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palestine journal: 18 sep 2006

well....here i am, still in this prison known as the west bank. we went to ramallah this weekend, and to a christian village outside ramallah called taybeh, where there was an 'Octoberfest'.....the festival was well-attended (despite the anger among muslims over the pope's comments about islam last week, the festival in the christian town went fine...no christians in palestine have been attacked, but some churches were burned in a couple of places). at the festival, we watched young kids and teenagers performing the palestinian traditional dance known as 'dabke' - they were great! it reminded me of irish step dancing with the fancy footwork and stamping on the wooden stage. and the kids were all really excited about it, they loved doing it (unlike some of the kids in the irish step i used to do -- especially the boys -- who were just doing it because their parents made them).
then there was a performance by a palestinian hip-hop group from Lud, a town inside
Israel.....and watching the villagers' reaction to the hip-hop - interested,
entertained, but not really _jamming_ (like they were with the traditional music and
dance), it made me think about the origins of hip-hop.....it is essentially, and at
its core, an _urban_ music.....it began in the states, of course, but has been
popularized as a form of expression in urban centers throughout the world - i've
heard rappers from johannesburg, paris, london, hamburg with tons of talent, at
least as much as many of the US-based rappers.....but it is a type of music that
springs out of a people desperate to hold onto an identity that they feel being lost
in the anonymous centralizing process of cities. kids from the village, stuck
behind the israeli wall, but still strong in their culture and traditions, simply
don't have the same type of experience as the kids from the
villages-turned-urban-ghettoes that have come to typify the experience of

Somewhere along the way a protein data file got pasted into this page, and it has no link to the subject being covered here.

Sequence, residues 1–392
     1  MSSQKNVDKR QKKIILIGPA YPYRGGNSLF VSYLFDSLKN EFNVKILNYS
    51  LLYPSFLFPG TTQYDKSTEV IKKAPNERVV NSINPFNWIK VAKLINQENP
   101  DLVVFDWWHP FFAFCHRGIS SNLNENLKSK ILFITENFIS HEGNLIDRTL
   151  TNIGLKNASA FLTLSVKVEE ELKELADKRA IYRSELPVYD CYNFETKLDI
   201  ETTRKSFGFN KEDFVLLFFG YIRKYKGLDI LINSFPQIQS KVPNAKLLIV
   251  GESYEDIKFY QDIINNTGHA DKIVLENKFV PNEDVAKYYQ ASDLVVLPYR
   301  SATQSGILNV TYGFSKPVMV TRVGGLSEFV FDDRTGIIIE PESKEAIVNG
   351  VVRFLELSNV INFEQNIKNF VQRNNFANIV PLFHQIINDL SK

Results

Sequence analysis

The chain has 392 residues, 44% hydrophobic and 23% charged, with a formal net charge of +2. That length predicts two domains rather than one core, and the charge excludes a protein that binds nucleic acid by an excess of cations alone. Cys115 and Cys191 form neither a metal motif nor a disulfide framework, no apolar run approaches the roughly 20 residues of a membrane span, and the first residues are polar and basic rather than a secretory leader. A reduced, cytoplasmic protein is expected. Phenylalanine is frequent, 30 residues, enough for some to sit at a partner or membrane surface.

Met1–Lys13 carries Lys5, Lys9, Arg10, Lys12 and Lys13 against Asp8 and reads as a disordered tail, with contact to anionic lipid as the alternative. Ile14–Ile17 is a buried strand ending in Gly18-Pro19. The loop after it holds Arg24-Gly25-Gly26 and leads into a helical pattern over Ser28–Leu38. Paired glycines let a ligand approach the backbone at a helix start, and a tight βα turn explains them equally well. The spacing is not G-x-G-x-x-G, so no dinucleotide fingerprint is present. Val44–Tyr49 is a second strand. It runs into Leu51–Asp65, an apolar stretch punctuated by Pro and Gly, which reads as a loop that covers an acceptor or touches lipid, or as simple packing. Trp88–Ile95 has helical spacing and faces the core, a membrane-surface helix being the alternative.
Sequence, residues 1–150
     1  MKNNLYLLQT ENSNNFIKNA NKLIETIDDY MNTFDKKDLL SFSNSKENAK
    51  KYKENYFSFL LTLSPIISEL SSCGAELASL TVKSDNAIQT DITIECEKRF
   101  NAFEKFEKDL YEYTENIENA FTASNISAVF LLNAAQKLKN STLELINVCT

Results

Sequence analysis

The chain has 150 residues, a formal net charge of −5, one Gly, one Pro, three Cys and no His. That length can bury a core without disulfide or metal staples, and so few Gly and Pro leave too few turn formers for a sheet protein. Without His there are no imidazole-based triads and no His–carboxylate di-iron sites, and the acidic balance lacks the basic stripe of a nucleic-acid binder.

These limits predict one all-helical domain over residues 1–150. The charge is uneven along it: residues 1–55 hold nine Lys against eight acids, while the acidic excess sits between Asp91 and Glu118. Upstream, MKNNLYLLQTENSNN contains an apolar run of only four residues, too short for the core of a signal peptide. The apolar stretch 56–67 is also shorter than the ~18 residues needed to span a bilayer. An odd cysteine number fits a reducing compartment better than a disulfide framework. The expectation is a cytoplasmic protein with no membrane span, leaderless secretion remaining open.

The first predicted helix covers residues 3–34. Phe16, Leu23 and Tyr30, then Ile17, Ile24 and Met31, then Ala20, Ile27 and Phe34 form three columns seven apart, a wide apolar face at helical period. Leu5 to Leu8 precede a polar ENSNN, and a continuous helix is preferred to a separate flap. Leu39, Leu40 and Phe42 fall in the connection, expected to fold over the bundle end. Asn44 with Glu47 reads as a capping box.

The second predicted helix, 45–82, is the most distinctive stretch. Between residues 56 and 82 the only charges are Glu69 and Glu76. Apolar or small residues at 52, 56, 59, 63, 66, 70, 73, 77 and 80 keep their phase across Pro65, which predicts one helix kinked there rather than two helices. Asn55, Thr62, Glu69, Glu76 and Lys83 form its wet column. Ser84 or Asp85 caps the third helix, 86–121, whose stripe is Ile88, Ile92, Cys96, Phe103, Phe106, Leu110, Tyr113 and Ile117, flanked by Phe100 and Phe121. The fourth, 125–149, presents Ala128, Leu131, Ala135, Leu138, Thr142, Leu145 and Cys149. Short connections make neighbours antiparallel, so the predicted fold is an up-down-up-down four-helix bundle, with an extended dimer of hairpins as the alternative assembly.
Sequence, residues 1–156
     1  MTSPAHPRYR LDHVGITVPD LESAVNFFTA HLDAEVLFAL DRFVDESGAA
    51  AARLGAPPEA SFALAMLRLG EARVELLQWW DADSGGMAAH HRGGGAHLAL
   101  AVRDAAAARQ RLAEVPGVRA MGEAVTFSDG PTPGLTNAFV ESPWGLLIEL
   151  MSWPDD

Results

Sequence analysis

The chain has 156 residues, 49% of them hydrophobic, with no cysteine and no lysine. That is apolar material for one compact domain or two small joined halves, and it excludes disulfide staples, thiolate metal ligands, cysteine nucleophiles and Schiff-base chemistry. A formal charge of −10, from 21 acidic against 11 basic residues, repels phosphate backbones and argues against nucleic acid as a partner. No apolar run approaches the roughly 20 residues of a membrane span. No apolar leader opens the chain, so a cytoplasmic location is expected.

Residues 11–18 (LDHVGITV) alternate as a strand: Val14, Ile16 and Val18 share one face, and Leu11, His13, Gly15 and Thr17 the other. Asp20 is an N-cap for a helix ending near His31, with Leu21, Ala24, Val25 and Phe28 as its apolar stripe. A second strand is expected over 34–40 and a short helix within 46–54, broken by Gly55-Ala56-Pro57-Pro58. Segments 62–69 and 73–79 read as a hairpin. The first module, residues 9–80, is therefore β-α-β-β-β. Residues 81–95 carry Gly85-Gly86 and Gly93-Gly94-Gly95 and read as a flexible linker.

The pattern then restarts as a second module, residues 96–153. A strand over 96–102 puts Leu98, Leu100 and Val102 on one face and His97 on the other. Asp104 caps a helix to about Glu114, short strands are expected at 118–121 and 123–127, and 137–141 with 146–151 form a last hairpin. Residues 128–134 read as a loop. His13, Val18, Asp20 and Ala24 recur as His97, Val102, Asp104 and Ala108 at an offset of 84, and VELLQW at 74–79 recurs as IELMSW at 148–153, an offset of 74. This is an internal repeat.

palestinians inside israel. hip-hop just doesn't resonate as strongly for the
villagers as it does for the kids lost in urban centers throughout the world.

in israel, the so-called 'arab-israeli' communities (which make up 20% of the
population of israel) have a very different set of problems from palestinians in the
west bank and gaza.

and those in the city of jerusalem have even a different set of problems than the
other two groups. all of their problems are related, and all stemming from the same
source (the state of israel), but the oppression takes different forms in the
different communities.

Jack Persekian, a Palestinian with a 'Jerusalem ID' (this ID is different, btw, from
a 'Palestinian-Israeli' with Israeli citizenship....it allows the bearer access only
to the confines of the city of Jerusalem) writes of the three main areas in which
Palestinians are discriminated against in Jerusalem.

"1) The law. Any Jew from anywhere on this earth can come, reside in Jerusalem and
become a citizen of the State, while if the indigenous non-Jewish inhabitants of the
city move out of the city for any reason (except for study and for a limited period)
for more than three years they'll never be able to go back and reside there. The
only way they would be permitted to come back is as tourists, that is if given a
visa. We are technically 'permanent residents' of our own birthplace, our own
hometown, our own piece of land and property, until further notice. There is a
stranglehold on building permits on the Palestinian side of the city with vast areas
designated as either a 'green zone' or not part of the planning zone, not to mention
of course the extremely costly process of construction on the Palestinian side in
contrast with the readily available government sponsored housing on the Jewish side.

"2) The economy. The closure of Jerusalem has left its Palestinian inhabitants in
dire straits, since they're totally tied to the Palestinian standard of living of
the West Bank, which stands at around $3,000 per capita income, on the one hand, and
the fact that they're completely entrapped by the Israeli economy, which stands at
around $20,000 per capita income, on the other. Since more than ten years ago Israel
has become the only supplier of goods and services to the Palestinian residents of
the city, which means very low income linked to the Palestinian economy in